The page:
…like a householder who brings out of his treasure things new and old
We continue reading the Scriptures through the Scriptures. I really hope that these articles help you see the continuity between the Testaments – and maybe also help you understand some details of the Gospels in much fuller and more complete way. I am convinced that understanding the Scriptural and cultural background of the NT helps us not only better comprehend those words and deeds of Jesus that belong to this background, but also to grasp the full meaning of those words and deeds that went far beyond the traditional ideas and customs.
JESUS AND VOWS
One of the sayings of Jesus that his followers are sometimes perplexed about, concerns oaths: “Again, you have heard that it was said to those of ancient times, ‘You shall not swear falsely, but carry out the vows you have made to the Lord.’ But I say to you Do not swear at all, either by heaven, for it is the throne of God, or by the earth, for it is his footstool, or by Jerusalem, for it is the city of the great King”. What text did Jesus have in mind when he spoke of “those of ancient times”?
In the book of Numbers we read: “When a man makes a vow to the Lord, or swears an oath to bind himself by a pledge, he shall not break his word; he shall do according to all that proceeds out of his mouth”. Probably, this is the text that Jesus referred to in the Sermon on the mount. It’s important to note that , Jesus is not unique while addressing this issue: different Jewish texts of this period speak of oath. For instance, even though we don’t have a prohibition to swear from the Dead Sea texts themselves, Josephus ( J.W . 2.135) writes that the Essenes avoid oaths and that what they say is stronger than an oath. However, we don’t find such a categorical command in other texts of this period: at first glance, we don’t see any parallelism in the words of Jesus with Num. 30:2 or with the Second temple literature. Numbers 30:2 requires that those who make a vow or oath do not break their promises, they have to keep their word. It means that oaths were permitted in the Torah, while Jesus seems to prohibit them completely. The question is, did Jesus really prohibit all the vows?
There are several NT texts that call into question this absolutist approach to Jesus’ words. First of all, in Matt. 26:63–64, Jesus himself replies to the High Priest’s question “under oath.” Even more examples are connected to Paul. Not only Paul twice invokes God’s name to assure the truth of his claims (Gal. 1:20; 2 Cor. 1:23), but he actually takes vows, probably Nazirite vows as described in Num. 6.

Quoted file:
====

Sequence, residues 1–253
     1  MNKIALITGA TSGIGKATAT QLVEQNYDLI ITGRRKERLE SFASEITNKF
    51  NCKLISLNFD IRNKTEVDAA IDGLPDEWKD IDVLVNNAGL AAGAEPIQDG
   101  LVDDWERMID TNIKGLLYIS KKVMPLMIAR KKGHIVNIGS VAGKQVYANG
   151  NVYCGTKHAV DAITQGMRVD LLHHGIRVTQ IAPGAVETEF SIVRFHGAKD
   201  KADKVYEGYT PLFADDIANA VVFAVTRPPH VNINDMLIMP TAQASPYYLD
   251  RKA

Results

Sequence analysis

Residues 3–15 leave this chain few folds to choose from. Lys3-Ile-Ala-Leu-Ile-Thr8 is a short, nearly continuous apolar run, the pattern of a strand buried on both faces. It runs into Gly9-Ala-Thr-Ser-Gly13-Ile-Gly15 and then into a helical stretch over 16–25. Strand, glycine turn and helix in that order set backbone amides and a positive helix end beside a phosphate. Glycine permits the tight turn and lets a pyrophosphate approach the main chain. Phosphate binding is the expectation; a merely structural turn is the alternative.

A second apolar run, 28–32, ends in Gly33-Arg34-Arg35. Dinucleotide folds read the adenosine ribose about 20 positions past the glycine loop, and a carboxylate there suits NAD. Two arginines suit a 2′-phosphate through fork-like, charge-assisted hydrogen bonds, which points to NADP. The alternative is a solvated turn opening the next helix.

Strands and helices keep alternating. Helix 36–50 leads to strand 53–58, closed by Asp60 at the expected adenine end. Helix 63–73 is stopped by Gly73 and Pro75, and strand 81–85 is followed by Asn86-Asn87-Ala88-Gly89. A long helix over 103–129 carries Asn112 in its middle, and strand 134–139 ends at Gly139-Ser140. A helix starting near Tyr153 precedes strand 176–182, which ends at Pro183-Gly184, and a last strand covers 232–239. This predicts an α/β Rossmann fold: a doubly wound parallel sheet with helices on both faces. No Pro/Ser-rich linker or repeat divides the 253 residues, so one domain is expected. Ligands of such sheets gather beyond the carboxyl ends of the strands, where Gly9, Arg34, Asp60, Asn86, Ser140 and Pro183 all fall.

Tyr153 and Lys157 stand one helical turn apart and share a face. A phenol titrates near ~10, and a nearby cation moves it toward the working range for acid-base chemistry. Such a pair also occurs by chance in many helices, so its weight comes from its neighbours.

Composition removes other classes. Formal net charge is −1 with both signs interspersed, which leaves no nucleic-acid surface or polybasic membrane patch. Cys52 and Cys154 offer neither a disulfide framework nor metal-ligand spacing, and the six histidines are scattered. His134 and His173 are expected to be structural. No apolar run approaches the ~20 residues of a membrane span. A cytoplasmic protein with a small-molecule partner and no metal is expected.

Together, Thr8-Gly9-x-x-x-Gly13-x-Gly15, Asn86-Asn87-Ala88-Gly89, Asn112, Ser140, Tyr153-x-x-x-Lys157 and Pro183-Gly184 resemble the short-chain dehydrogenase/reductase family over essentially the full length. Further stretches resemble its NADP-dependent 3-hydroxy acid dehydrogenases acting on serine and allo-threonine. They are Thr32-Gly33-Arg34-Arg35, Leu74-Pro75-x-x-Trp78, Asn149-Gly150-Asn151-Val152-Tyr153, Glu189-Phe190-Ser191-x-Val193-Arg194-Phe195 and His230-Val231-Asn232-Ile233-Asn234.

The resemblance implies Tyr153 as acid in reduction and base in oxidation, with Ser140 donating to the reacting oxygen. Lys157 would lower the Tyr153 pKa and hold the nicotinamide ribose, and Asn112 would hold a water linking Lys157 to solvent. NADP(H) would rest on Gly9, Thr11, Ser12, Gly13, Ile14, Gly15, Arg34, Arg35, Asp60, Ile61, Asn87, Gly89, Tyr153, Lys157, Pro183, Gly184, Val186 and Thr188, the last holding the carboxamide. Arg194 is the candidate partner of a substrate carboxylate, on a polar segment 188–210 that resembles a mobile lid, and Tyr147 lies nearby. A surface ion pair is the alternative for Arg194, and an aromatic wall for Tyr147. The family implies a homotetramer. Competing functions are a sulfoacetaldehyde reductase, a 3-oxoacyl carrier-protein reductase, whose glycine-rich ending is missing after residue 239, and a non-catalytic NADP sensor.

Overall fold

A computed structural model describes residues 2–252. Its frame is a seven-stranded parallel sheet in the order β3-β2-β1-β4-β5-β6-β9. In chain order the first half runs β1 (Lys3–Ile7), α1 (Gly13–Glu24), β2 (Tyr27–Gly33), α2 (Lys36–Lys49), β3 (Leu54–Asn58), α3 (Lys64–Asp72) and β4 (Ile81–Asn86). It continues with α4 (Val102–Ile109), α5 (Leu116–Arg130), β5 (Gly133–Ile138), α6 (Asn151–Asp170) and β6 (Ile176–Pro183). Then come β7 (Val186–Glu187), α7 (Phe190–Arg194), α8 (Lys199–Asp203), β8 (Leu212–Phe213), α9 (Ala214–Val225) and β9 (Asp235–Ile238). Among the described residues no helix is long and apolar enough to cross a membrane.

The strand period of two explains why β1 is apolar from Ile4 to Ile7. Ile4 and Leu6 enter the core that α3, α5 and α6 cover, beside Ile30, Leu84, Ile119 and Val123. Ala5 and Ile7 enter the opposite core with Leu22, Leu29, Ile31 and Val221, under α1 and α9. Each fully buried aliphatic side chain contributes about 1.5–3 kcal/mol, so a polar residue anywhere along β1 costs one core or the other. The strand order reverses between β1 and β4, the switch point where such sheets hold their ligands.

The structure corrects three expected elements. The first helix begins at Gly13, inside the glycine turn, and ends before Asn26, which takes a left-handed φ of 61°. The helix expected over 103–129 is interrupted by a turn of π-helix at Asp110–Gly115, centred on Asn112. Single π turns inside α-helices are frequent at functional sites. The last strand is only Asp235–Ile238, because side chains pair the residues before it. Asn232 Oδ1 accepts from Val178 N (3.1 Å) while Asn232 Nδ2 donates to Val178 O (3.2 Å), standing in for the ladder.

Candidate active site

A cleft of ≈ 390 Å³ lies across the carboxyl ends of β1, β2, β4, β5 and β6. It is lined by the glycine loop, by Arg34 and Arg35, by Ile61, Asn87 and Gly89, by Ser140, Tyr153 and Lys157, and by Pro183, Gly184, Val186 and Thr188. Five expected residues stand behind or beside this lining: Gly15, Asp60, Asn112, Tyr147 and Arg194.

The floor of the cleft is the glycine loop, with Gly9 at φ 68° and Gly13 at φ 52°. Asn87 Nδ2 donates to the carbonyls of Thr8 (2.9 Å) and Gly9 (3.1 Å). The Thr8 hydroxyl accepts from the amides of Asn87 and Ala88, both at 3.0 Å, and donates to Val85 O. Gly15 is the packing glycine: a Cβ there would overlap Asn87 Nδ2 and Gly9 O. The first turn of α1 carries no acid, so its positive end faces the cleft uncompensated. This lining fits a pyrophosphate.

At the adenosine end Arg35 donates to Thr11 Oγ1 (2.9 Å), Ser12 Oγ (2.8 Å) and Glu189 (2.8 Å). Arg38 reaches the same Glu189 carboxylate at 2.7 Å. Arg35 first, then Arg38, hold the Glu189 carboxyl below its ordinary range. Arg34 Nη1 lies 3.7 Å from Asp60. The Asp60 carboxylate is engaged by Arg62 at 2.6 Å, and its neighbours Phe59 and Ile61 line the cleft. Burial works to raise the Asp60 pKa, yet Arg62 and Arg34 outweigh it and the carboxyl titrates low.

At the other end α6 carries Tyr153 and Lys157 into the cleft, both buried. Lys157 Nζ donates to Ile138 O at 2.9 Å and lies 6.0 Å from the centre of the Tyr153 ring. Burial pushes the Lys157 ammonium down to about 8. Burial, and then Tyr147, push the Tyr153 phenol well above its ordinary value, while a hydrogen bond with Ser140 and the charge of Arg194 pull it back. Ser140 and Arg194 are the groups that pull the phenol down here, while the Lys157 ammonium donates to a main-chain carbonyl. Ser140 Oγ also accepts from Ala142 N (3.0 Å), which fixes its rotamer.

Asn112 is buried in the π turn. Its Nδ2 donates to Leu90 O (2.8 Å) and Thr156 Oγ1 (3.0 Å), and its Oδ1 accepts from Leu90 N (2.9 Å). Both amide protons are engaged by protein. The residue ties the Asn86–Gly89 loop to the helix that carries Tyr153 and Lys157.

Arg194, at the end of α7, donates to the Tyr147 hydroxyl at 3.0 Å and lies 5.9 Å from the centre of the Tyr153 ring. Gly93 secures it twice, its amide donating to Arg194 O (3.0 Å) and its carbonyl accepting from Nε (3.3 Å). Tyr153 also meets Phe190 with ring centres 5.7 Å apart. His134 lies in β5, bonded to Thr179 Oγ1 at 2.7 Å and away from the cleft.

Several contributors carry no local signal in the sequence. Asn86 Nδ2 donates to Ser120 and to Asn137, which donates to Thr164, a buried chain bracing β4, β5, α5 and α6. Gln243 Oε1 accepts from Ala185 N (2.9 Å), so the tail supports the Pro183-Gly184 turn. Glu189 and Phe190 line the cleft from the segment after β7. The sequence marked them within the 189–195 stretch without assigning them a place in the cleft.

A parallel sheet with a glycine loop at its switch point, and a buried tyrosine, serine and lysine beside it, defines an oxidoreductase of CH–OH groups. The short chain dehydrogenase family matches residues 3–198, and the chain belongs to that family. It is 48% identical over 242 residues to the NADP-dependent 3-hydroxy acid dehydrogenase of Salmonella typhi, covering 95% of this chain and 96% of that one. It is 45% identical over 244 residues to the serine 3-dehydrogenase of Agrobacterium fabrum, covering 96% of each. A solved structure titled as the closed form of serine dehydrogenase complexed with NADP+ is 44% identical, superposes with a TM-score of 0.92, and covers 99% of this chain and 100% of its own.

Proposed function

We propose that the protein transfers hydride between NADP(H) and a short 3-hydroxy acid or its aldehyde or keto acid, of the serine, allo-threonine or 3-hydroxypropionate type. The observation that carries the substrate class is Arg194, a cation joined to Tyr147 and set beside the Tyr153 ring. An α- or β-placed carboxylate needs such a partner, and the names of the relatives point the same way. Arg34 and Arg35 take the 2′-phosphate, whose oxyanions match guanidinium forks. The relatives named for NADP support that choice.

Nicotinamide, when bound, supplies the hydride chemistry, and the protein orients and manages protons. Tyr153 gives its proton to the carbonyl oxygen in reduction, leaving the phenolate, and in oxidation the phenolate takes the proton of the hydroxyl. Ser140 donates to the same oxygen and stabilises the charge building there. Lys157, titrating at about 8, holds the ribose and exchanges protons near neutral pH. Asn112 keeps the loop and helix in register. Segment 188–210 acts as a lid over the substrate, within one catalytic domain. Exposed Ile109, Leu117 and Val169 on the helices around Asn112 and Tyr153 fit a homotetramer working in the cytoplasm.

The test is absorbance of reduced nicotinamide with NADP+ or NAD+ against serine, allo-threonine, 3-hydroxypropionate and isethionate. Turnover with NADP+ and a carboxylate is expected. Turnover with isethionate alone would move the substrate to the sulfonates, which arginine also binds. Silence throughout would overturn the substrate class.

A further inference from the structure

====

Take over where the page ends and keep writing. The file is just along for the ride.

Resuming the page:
The Nazirite had to abstain from alcohol and from cutting his hair for the whole period of vow. At the end of this time he shaved the hair and offered a sacrifice. From the book of Acts we know, that not only Paul both recognized and respected Nazirite vow (the famous episode in acts 21:23-24), but he also took vows himself: “At Cenchreae he had his hair cut, for he was under a vow”. Therefore, Jesus’ words from Mat.5:33-37 could not and should not be understood as a complete prohibition of vows. Jesus speaks about the goal for his followers: to be so trustworthy in keeping their words that oaths prove unnecessary.
REGARD THEM NOT …
“Whoever comes to me and does not hate father and mother… cannot be my disciple
While speaking about the cost of discipleship in Luke 14, Jesus says seemingly strange words about hating one’s father and mother, wife and children. For centuries, these words of Jesus have been the subject of different interpretations; some have even gone so far as to see in them the annulment of the fourth commandment (“Honor your father and mother” – Exod. 20:12; Deut. 5:16). Indeed, how can we understand these words?
We won’t understand this saying of Jesus unless we see it as echoing Moses’ blessing of Levi in Deuteronomy 33:8-9, where Levi’s devotion to God’s word is emphasized:
who said of his father and mother,
“I regard them not”;
he ignored his kin,
and did not acknowledge his children.
For they observed your word,
and kept your covenant.
Similar to the requirement of Jesus, Levi is saying of his father and mother, “I regard them not.” He ignored his kin, and did not acknowledge his children – because he observed your word, and kept your covenant. If we compare Luke 14:26 with the blessing of Levi, we would see clearly that Jesus doesn’t cancel the fourth commandment and doesn’t contradict the Torah. As many rabbis of his time and after, Jesus knew the Torah sometimes presented conflicting claims that might be resolved only by subordination of one commandment to another. According to Moses’ blessing, Levi signifies the people with the love for God’s word surpassing even their love for their family; this is the kind of disciples that Jesus is looking for in Luke 14:26. If we put this and other “difficult” sayings of Jesus into a proper Scriptural or cultural context, we would have no difficulties understanding them.
The insights you read on these pages, are typical of what we share with our students during DHB (Discovering the Hebrew Bible) or JBNT (Jewish Background of the NT) or WTP (Weekly Torah Portion) classes. If these articles whet your appetite for discovering the hidden treasures of the Hebrew Bible, or studying in depth Parashat Shavua, along with New Testament insights, or learning more about the Jewish Background of the New Testament, I would be happy to provide more information (and also a teacher’s discount for new students) regarding our amazing courses (firstname.lastname@example.org)
If you like the articles on this blog, you might enjoy also my books – you can get them from my page: https://blog.israelbiblicalstudies.com/julia-blum/ . I also want to let you know that beezrat Hashem, my book with all these Hebrew insights into Torah and into New Testament will be published and available soon.
 Acts 18:18
 Lk. 14:46
 Deut.33:9 (NRSV)